"The biggest problem is that you don't have a confirmed secretary," the former senior DHS official told CNN. "That really sets the tone and the trajectory of the ability to start getting things done."
During his Senate confirmation hearing Tuesday, Mayorkas said he was intensely studying the SolarWinds attack as a private citizen. If confirmed, he promised to conduct a thorough review of two CISA cybersecurity programs -- Continuous Diagnostics and Mitigation (CDM) and EINSTEIN -- to understand if they are sufficient to stop a threat such as SolarWinds, and if not, to explore additional defenses for the federal government.
Wales said CISA "actively engaged with the transition team," including providing 14 briefings focused on the ongoing cyber incident. "We're committed to seamlessly integrating new members of the Biden Administration into the Agency, while continuing aggressive efforts to understand and respond to this complex cyber campaign," he said in a statement to CNN Friday.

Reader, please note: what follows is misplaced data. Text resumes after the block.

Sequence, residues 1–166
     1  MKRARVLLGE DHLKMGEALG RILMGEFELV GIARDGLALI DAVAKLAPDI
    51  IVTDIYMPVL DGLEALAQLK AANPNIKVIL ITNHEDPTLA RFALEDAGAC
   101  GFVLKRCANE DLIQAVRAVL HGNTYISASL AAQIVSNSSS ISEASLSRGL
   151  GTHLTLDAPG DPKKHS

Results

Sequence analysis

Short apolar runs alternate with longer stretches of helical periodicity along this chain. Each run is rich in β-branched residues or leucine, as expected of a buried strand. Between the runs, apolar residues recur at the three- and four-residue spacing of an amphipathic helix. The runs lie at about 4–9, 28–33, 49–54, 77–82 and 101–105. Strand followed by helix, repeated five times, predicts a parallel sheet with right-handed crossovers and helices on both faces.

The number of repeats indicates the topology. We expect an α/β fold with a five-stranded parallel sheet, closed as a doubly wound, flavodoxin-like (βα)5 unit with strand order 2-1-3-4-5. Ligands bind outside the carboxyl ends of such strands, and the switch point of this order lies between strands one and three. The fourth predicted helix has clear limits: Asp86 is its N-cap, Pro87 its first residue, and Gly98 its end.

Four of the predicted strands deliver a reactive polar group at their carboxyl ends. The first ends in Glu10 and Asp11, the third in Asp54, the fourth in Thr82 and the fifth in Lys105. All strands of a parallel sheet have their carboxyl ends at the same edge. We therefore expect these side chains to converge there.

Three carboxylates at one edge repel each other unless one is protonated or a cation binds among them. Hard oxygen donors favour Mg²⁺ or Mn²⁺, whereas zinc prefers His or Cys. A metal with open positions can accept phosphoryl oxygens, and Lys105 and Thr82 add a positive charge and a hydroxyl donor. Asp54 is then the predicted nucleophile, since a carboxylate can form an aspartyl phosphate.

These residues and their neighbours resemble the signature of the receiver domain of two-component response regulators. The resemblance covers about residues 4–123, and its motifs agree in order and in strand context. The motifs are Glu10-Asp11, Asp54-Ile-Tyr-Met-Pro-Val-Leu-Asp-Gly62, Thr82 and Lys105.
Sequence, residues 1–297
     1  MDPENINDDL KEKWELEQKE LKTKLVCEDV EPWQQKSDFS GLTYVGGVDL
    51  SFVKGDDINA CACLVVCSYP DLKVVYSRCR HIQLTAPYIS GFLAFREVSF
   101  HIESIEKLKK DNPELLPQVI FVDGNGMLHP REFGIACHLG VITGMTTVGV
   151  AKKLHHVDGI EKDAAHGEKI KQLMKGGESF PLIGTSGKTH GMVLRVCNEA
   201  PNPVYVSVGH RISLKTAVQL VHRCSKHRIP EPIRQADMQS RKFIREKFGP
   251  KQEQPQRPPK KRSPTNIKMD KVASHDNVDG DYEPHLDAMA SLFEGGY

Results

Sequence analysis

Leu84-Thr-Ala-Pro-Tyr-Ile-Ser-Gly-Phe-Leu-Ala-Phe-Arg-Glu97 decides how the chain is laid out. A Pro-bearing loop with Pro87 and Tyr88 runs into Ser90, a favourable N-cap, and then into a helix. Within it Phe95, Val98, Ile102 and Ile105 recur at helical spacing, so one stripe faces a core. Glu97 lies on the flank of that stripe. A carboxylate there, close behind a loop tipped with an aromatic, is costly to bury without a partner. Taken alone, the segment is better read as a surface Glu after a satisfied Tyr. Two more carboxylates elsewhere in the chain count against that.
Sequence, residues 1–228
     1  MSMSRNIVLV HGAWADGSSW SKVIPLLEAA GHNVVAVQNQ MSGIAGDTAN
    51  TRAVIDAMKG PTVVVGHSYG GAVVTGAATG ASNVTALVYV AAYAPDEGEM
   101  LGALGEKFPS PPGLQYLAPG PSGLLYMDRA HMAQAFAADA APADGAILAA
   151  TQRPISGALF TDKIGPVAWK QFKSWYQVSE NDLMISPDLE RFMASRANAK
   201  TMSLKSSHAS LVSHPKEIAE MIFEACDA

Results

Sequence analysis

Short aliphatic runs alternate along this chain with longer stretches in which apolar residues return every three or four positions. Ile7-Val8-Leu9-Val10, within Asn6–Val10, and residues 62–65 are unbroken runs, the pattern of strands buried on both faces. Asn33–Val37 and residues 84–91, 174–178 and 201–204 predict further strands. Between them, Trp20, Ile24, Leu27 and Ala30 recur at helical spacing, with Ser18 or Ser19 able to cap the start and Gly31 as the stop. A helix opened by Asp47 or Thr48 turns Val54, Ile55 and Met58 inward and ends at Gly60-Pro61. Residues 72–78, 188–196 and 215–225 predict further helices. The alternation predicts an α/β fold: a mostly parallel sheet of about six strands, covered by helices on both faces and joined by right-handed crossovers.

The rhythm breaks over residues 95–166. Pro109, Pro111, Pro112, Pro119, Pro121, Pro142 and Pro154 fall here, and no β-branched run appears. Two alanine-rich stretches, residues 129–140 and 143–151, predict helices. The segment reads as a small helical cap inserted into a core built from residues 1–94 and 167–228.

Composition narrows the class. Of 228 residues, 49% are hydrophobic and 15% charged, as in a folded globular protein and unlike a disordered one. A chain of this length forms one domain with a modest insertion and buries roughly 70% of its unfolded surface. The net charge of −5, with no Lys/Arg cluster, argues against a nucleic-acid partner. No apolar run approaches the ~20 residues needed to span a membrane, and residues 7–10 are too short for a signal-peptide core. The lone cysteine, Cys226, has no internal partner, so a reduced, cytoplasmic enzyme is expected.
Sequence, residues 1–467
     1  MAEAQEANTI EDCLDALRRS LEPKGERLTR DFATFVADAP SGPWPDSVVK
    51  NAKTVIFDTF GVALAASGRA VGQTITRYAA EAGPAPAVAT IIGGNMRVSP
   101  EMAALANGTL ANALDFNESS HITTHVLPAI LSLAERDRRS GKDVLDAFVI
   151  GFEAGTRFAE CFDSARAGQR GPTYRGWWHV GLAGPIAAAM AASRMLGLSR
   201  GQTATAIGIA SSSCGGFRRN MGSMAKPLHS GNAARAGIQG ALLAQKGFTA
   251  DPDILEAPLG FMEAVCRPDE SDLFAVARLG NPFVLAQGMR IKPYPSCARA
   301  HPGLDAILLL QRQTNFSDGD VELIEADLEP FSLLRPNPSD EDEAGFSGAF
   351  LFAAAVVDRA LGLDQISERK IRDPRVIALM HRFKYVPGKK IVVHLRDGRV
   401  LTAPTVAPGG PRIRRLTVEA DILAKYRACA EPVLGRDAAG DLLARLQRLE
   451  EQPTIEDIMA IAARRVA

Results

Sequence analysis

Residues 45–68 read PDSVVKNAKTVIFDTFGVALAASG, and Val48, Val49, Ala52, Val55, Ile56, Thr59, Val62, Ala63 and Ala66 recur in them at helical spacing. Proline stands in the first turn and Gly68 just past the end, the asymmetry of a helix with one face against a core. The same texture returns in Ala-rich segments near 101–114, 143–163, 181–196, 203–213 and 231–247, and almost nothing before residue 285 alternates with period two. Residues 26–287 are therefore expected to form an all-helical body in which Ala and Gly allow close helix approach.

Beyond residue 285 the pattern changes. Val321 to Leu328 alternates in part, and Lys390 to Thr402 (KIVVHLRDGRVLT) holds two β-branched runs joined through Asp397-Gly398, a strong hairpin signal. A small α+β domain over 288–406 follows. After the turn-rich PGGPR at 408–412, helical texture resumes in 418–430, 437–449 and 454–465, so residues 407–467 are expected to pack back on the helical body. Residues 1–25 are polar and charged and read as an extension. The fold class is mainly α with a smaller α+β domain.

Given the length of time that the adversary has had access to some networks, remediation -- both short term and long term rebuilding -- will be a protracted process, a CISA official told CNN.
CISA already provided ideas to the Biden team to help evolve federal cybersecurity and overcome the challenges identified by the latest incident. Suggestions, the official said, include: funding for CISA to hunt for adversary activity on federal networks; the deployment of new sensors inside federal agencies to detect anomalous activity; and improvements to visibility of the cloud environment, like Office 365.
Officials are also considering creating a civilian program akin to the Pentagon model that helps ensure third party partners are meeting cybersecurity standards, but that would be a longer term endeavor, the official said.